Big Bang and expanding universe. Illustration showing the universe expanding over time (upper left to lower right). Matter formed after the Big Bang (top left, yellow), the initial expansion of the universe from an infinitely compact state 13.8 billion years ago. Around 100 million years after the Big Bang, the first stars and galaxies formed. On the largest scale, the galaxies are observed to be moving away from each other. This is due to the expansion of the universe. This is a curved version of the expansion. For a flattened version and differently labelled versions of this illustration, see images C042/4570 to C042/4573.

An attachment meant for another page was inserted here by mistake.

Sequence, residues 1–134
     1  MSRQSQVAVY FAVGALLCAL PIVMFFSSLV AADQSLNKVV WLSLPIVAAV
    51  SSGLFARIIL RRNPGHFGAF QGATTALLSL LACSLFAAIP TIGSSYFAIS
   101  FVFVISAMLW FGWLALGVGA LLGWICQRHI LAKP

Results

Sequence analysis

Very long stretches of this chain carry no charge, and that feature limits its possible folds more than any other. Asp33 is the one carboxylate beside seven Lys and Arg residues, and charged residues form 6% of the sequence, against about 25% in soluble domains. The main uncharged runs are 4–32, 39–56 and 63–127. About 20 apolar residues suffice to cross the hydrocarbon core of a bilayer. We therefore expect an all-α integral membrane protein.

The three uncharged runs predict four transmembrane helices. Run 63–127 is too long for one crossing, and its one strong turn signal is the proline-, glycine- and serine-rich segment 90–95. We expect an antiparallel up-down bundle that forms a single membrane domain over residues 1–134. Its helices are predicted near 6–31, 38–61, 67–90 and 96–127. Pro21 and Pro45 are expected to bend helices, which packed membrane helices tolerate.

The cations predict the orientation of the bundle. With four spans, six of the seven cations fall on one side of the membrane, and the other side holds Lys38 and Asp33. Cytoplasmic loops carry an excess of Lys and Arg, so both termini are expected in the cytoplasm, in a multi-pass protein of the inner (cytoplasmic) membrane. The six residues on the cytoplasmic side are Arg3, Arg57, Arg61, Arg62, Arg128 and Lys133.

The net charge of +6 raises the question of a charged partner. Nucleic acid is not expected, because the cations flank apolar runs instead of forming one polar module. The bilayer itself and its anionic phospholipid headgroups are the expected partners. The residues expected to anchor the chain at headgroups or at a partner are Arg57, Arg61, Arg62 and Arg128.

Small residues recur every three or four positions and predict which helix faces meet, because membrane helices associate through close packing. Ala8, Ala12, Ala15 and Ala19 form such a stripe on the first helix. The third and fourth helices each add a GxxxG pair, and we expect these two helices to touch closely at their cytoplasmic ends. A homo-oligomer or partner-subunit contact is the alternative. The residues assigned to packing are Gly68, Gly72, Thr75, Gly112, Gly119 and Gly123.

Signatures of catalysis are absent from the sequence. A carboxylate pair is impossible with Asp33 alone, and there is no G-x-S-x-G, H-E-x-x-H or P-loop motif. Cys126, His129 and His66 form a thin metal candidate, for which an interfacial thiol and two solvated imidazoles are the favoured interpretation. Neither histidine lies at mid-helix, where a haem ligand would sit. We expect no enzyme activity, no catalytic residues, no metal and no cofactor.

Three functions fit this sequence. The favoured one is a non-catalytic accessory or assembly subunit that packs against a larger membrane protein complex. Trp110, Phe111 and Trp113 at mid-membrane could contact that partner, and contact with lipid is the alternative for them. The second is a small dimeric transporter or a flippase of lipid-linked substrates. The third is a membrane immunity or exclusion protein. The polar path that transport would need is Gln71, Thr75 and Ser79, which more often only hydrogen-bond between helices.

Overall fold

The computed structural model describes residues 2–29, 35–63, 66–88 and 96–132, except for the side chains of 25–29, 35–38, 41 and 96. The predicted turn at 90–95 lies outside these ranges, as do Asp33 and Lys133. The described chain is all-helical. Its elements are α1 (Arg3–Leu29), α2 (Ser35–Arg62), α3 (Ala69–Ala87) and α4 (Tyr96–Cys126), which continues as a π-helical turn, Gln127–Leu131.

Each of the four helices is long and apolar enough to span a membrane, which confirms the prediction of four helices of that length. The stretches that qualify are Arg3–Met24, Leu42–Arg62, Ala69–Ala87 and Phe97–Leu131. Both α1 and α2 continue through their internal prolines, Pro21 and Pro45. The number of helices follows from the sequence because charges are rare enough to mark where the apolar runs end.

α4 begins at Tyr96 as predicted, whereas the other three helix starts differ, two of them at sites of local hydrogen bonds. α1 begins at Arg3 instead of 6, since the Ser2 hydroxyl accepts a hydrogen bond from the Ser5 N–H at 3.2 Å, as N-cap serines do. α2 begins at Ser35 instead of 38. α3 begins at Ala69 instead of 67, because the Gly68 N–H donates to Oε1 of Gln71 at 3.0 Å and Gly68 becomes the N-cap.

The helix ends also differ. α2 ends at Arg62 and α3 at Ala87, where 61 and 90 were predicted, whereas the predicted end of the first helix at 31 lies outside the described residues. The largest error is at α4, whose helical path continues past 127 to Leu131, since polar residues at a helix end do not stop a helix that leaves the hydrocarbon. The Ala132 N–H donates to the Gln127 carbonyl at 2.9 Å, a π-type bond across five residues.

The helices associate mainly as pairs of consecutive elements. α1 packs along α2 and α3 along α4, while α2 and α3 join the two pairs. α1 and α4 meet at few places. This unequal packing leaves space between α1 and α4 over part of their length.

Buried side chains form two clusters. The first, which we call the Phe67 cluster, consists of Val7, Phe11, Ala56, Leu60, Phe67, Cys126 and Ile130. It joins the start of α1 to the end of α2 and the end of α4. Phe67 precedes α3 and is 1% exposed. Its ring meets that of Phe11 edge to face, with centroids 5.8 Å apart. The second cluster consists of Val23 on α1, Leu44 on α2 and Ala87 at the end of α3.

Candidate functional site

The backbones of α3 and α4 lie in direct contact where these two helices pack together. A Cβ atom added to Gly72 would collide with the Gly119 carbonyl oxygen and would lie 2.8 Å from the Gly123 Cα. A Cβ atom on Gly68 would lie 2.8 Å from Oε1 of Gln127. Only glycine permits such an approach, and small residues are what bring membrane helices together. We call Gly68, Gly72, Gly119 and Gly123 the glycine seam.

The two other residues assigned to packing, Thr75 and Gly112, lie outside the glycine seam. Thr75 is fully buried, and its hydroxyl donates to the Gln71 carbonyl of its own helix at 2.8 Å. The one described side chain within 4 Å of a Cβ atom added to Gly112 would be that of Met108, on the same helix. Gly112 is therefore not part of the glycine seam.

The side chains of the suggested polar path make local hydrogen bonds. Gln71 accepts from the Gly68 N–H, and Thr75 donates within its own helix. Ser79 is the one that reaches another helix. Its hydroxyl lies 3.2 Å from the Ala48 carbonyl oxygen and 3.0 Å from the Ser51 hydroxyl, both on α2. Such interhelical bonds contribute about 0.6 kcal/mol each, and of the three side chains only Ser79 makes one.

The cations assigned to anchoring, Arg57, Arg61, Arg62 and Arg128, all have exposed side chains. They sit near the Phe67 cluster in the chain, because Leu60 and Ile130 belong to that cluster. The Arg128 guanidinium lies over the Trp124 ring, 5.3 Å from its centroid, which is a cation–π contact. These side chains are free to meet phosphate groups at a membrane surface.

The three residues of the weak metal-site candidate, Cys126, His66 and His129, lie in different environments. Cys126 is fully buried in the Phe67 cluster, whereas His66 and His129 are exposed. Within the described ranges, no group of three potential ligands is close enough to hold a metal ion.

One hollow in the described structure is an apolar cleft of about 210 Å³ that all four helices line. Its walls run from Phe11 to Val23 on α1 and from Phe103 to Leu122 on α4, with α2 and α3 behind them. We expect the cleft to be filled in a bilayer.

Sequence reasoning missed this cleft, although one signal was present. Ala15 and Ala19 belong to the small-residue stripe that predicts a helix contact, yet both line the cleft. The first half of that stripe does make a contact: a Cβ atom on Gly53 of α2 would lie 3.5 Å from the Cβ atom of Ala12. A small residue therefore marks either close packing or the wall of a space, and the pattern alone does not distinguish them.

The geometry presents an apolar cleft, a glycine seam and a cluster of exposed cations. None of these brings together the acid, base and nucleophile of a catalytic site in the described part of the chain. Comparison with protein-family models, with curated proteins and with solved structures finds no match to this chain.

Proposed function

! EN_01354334_0610 SCI
Big Bang and expanding universe. Illustration showing the universe expanding over time (upper left to lower right). Matter formed after the Big Bang (top left, yellow), the initial expansion of the universe from an infinitely compact state 13.8 billion years ago. Around 100 million years after the Big Bang, the first stars and galaxies formed. On the largest scale, the galaxies are observed to be moving away from each other. This is due to the expansion of the universe. This is a curved and labelled version of the expansion. For a flattened version and unlabelled versions of this illustration, see images C042/4570 to C042/4573.
! EN_01354334_0611 SCI